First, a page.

The Internal Revenue Service recognizes the fact that members of the United States armed forces are often deployed outside of the U.S. at tax time and gives many military and support personnel an extension on their tax deadlines.
Members of the United States armed forces are often deployed outside of the U.S. when tax time rolls around. This can make it difficult to file a tax return or make tax payments on time. The Internal Revenue Service recognizes this fact and gives many military and support personnel an extension on their tax deadlines.
Military service that qualifies for extensions
Members of the U.S. Armed Forces qualify for tax extensions when:
- Serving in a combat zone
- Serving outside of a combat zone, in direct support of military operations in a combat zone
- On deployment while participating in a contingency operation
- Hospitalized outside of the U.S. due to an injury or disease contracted while serving in a combat zone or contingency operation
- Missing in action or a prisoner of war as a result of serving in a combat zone or contingency operation
The president designates areas as combat zones by executive order. Combat zones are areas where the Armed Forces have engaged or are engaging in combat. Contingency operations are designated by the secretary of defense or by a call to duty that results from Congress or the president declaring war or a national emergency.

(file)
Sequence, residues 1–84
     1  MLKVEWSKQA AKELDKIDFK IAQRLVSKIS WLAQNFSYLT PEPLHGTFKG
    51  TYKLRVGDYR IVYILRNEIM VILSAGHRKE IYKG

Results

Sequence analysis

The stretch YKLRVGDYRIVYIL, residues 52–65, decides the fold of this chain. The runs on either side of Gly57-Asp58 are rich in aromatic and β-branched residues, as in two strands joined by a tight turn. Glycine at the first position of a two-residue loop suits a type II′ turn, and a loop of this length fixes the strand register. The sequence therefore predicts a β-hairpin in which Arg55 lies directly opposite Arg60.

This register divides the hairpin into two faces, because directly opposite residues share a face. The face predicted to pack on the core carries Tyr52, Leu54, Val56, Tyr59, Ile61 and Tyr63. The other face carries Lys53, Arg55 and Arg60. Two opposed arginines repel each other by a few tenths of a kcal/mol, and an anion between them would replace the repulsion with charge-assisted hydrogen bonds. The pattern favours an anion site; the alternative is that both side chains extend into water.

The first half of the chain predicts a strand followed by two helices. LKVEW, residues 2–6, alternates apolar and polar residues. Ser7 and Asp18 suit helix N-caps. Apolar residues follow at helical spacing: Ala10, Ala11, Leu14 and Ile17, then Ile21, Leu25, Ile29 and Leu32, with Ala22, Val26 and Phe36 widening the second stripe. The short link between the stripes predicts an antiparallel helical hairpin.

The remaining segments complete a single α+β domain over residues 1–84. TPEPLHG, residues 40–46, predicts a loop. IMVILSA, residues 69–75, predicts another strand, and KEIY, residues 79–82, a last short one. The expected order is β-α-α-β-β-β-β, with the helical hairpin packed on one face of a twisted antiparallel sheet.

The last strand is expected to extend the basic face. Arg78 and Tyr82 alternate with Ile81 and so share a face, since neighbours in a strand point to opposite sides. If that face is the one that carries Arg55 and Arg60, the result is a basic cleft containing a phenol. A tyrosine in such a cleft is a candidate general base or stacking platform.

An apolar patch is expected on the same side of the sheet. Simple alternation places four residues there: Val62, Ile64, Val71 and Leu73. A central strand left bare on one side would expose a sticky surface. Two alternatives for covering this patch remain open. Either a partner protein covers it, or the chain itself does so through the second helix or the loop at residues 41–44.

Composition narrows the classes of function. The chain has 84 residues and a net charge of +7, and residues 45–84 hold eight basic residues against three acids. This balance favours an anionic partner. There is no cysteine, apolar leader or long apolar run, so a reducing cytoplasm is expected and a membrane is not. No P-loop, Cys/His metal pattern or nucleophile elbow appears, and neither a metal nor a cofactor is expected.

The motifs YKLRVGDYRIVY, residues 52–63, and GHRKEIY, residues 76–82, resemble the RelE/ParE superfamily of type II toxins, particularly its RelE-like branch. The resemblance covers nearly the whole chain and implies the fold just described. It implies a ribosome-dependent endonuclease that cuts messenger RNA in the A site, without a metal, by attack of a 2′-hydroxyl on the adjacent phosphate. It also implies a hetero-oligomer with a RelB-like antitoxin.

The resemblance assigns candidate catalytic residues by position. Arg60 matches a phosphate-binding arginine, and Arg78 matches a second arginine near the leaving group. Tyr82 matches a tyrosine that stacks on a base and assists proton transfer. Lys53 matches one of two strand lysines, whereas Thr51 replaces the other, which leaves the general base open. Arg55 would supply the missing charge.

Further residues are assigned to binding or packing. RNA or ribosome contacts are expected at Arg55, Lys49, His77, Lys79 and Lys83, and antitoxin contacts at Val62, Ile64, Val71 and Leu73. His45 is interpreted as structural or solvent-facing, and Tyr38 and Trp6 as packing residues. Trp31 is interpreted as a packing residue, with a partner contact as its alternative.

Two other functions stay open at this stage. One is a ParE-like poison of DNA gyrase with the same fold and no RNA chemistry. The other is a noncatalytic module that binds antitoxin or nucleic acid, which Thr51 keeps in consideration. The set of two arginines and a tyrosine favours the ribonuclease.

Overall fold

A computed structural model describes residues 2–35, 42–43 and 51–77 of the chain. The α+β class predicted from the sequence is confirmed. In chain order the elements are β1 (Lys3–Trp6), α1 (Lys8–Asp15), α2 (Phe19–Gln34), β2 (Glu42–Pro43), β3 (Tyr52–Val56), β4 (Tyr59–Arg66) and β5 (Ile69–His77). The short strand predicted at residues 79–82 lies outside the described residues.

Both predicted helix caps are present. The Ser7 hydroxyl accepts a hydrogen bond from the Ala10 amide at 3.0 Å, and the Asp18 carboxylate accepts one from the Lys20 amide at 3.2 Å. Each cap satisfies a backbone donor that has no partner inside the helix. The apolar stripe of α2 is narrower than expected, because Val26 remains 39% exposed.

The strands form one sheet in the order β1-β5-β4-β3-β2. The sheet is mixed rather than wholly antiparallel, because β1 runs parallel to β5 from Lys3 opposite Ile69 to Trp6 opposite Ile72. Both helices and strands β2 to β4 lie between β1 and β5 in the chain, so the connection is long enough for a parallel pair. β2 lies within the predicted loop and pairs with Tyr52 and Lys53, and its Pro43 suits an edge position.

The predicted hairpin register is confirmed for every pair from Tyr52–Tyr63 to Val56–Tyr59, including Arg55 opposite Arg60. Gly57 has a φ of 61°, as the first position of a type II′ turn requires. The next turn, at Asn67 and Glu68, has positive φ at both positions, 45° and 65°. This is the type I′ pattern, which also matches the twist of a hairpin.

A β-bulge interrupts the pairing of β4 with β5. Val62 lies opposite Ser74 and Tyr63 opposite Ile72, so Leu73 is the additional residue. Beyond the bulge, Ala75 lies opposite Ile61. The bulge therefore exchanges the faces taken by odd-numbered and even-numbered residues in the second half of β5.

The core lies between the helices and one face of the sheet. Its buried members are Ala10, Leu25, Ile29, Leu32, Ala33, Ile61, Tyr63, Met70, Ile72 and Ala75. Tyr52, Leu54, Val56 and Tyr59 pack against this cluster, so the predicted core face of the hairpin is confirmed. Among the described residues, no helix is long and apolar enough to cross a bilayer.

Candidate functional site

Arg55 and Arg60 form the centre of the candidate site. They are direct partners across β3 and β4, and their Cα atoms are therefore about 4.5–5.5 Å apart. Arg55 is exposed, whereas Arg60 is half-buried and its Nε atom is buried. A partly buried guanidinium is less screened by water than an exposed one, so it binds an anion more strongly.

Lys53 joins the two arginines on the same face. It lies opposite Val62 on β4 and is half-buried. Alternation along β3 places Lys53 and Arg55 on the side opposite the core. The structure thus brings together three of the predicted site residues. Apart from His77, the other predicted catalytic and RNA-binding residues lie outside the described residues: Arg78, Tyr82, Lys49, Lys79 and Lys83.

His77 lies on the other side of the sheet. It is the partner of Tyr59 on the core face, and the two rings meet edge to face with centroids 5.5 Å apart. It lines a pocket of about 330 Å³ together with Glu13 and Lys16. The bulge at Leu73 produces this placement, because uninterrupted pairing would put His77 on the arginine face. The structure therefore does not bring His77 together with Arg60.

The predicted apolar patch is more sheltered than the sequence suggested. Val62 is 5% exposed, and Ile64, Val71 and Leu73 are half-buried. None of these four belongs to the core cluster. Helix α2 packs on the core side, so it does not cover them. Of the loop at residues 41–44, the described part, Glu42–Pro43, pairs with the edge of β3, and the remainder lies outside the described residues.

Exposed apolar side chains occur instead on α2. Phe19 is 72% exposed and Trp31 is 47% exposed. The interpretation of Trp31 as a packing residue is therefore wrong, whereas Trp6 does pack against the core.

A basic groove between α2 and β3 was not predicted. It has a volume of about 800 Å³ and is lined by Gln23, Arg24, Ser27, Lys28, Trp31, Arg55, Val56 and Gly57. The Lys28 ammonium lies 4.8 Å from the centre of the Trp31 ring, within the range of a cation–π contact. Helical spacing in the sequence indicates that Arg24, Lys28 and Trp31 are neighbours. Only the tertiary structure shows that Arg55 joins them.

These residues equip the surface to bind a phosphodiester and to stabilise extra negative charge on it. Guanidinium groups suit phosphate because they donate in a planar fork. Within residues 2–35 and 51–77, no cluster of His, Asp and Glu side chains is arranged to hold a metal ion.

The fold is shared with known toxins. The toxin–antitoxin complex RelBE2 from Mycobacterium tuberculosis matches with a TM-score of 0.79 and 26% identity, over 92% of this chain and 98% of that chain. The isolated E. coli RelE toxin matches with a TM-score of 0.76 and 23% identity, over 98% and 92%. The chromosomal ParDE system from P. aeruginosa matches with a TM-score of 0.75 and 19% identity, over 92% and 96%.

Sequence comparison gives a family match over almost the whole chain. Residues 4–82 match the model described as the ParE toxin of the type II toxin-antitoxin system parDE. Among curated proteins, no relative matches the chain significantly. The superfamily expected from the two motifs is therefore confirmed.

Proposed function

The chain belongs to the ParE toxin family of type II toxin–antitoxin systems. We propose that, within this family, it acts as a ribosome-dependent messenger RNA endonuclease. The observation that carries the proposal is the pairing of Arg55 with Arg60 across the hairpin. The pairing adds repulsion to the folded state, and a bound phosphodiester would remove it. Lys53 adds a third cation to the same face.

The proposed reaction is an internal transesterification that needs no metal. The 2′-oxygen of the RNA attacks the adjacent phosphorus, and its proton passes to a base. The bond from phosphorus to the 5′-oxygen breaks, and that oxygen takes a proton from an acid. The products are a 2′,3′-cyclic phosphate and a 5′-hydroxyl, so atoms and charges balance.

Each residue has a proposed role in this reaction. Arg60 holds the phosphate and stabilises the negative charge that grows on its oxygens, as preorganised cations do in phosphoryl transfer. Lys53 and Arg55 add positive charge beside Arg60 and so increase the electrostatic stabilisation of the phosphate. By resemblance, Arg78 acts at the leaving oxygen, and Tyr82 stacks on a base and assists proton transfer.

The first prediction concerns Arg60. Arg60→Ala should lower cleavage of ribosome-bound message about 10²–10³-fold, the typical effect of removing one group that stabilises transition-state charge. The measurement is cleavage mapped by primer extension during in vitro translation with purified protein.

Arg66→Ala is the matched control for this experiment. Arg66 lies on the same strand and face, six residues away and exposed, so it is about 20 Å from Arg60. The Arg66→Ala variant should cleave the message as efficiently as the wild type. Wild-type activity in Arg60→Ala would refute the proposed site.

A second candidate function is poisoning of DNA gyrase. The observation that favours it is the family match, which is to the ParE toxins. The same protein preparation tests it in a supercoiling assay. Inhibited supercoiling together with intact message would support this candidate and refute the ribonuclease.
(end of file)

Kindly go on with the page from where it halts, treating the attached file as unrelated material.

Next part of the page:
Deadlines that are extended
The military extension affects the deadlines for several tax-related actions, including:
- Filing tax returns, including income and employment returns
- Making tax payments, including income and employment taxes
- Making a qualified contribution to an IRA account
- Filing for a tax refund or claiming a credit
- Responding to IRS notices and inquiries
Length of extensions
The extension related to military service is 180 days from the last day of qualifying service or hospitalization, plus the number of days you had left to file when you began qualifying service.
For example, if you began serving in a combat zone on April 1, 2016 you had 15 days until your 2016 filing deadline. You will then have 195 days from your last day of service to file the 2016 return and pay any taxes due, or 180 days plus the 15 remaining from April 2017.
Extensions for support personnel
Non-military people working in a combat zone or contingency operation to support the armed forces also qualify for the military tax extensions. Red Cross personnel and merchant marines serving on Department of Defense-controlled vessels qualify as support personnel. Also qualifying are correspondents with accreditation and civilians working under the direction of the armed forces.
Extensions for spouses and dependents
If you qualify for an extension, your spouse and dependents also qualify. You do not have to file a joint return. Your spouse will qualify even if you file separate returns. The spouse and dependent exemption does not apply while you are hospitalized within the U.S. for a qualifying service-related injury. It also does not apply to the tax year that starts two years after an area where you qualified for the extension ceases to be a combat zone or contingency operation.
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